Also, with a 2006 Campagnolo triple FD, we have made a Campagnolo 11-speed triple group using a Comp crank. The front derraileur just makes it to the big ring, not one left-hand click to spare.
— Peter Chisholm
Vecchio’s Bicicletteria

Pro Peloton’s Serotta Cycling Institute X-Y tool measuring a Pinarello. | Brad Kaminski photo
Pro Peloton’s Serotta Cycling Institute X-Y tool measuring a Pinarello. | Brad Kaminski photo

RE: Dear Lennard,
“Stack and reach,” brilliant, elegant, revolutionary – let’s hope the dream-makers of cycling get on board.

Did I see a simple tool that allowed those measurements to be easily transferred from bike to bike? It looked like a straight-edge affixed to the dropouts while the bike was in a Park Team Race stand with a vertical member that traveled fore and aft on the straight-edge. Is that tool available, or was that a mechanic’s creation?
— Maxwell

A. Dear Maxwell,
I believe that the tool in the photo in the VeloNews Buyer’s Guide at Pro Peloton bike shop, if that’s the one you mean, came from the Serotta Cycling Institute. Read below about the BG X-Y tool from Specialized and the Juteau-Cantin X-Y measurement tool.
— Lennard

RE: Dear Lennard,
Happy New Year! I just wanted to drop a quick note that the industry folk here really appreciate pieces like you did on 2011 Industry New Year’s Resolutions.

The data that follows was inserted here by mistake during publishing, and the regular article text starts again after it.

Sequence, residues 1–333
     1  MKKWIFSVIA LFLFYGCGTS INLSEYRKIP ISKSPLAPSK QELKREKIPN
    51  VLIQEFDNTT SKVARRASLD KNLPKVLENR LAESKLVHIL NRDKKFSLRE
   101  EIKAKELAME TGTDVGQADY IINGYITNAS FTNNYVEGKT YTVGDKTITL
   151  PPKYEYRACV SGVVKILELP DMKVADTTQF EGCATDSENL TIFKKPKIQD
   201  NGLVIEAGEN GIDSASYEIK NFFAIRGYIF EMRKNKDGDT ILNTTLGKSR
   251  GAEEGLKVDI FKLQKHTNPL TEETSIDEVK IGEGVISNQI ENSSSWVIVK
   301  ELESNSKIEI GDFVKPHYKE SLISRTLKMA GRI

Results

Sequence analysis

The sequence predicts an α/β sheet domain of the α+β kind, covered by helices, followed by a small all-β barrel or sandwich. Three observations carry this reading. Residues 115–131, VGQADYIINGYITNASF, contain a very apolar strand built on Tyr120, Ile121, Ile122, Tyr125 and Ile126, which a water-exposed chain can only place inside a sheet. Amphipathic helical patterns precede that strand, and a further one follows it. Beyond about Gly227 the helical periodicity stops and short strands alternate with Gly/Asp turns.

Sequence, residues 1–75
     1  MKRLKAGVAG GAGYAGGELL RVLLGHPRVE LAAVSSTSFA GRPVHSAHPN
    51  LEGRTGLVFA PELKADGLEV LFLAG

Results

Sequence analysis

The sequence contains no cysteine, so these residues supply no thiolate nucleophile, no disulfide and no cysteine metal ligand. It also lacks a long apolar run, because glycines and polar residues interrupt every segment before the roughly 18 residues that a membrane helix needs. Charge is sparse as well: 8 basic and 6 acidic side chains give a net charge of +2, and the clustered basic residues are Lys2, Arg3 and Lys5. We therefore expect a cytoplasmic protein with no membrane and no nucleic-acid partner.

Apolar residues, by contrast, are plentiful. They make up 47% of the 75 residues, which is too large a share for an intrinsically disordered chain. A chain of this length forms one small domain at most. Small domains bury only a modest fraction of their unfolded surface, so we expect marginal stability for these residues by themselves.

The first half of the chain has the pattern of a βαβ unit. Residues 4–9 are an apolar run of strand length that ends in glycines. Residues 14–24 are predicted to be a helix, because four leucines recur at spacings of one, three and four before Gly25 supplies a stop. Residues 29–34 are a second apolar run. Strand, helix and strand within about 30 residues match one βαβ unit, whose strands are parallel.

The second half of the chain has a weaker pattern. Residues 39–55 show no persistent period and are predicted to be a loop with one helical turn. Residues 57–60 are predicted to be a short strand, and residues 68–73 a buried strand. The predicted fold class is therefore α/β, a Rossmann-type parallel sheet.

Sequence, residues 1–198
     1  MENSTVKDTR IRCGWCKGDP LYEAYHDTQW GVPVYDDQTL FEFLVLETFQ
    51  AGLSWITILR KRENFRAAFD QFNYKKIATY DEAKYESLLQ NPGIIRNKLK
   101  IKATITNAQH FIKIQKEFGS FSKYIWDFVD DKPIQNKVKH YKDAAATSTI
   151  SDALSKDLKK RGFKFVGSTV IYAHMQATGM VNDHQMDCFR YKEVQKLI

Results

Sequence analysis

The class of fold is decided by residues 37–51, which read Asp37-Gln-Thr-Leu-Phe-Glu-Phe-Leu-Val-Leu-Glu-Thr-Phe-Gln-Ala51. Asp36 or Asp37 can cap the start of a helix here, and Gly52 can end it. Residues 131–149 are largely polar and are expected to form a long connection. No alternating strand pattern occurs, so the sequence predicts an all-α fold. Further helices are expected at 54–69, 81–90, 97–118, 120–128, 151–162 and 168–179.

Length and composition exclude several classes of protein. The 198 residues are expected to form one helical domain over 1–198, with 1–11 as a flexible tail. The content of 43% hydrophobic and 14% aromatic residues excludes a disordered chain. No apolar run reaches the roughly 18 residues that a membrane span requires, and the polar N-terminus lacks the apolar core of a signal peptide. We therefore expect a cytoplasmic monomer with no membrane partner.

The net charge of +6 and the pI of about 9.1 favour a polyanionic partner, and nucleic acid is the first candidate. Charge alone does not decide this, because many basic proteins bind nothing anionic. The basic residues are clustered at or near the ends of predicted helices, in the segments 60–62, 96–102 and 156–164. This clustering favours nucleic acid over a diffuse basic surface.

We’re big believers in front brake cable stops on canti bikes as we’ve done on our Tricross and CruX lines for a few seasons now. Our forks to have the hanger keyed into a slot on the fork to keep this piece light, stiff, and located.

And on the stack and reach piece, this is the measurement for bike fitters and riders that know their dimensions inside and out. This is what we use for wind tunnel bike setups and for duplicating rider fits between bikes during fitting.

Check out our BG XY Tool – mounts to wheel QR’s so it doesn’t matter if the ground is level or not. Align to BB center and then you have perpendicular faces to measure to using a normal tape measure.
— Mark Coté
Specialized Road Product Manager/Aerodynamicist

RE: Dear Lennard,
Nice article today on New Year’s resolutions on standards.

I’m going to update my Warp9 bikes geometry pages with reach and stack measurements so we can be an “early adopter” and embrace this method.
— Bert Hull
Warp9 Bikes

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Technical writer Lennard Zinn is a frame builder (, a former U.S. national team rider and author of numerous books on bikes and bike maintenance including the pair of successful maintenance guides “Zinn and the Art of Mountain Bike Maintenance” – now available also on DVD, and “Zinn and the Art of Road Bike Maintenance,” as well as “Zinn and the Art of Triathlon Bikes” and “Zinn’s Cycling Primer: Maintenance Tips and Skill Building for Cyclists.”

Zinn’s regular column is devoted to addressing readers’ technical questions about bikes, their care and feeding and how we as riders can use them as comfortably and efficiently as possible. Readers can send brief technical questions directly to Zinn. Zinn’s column appears here each Tuesday.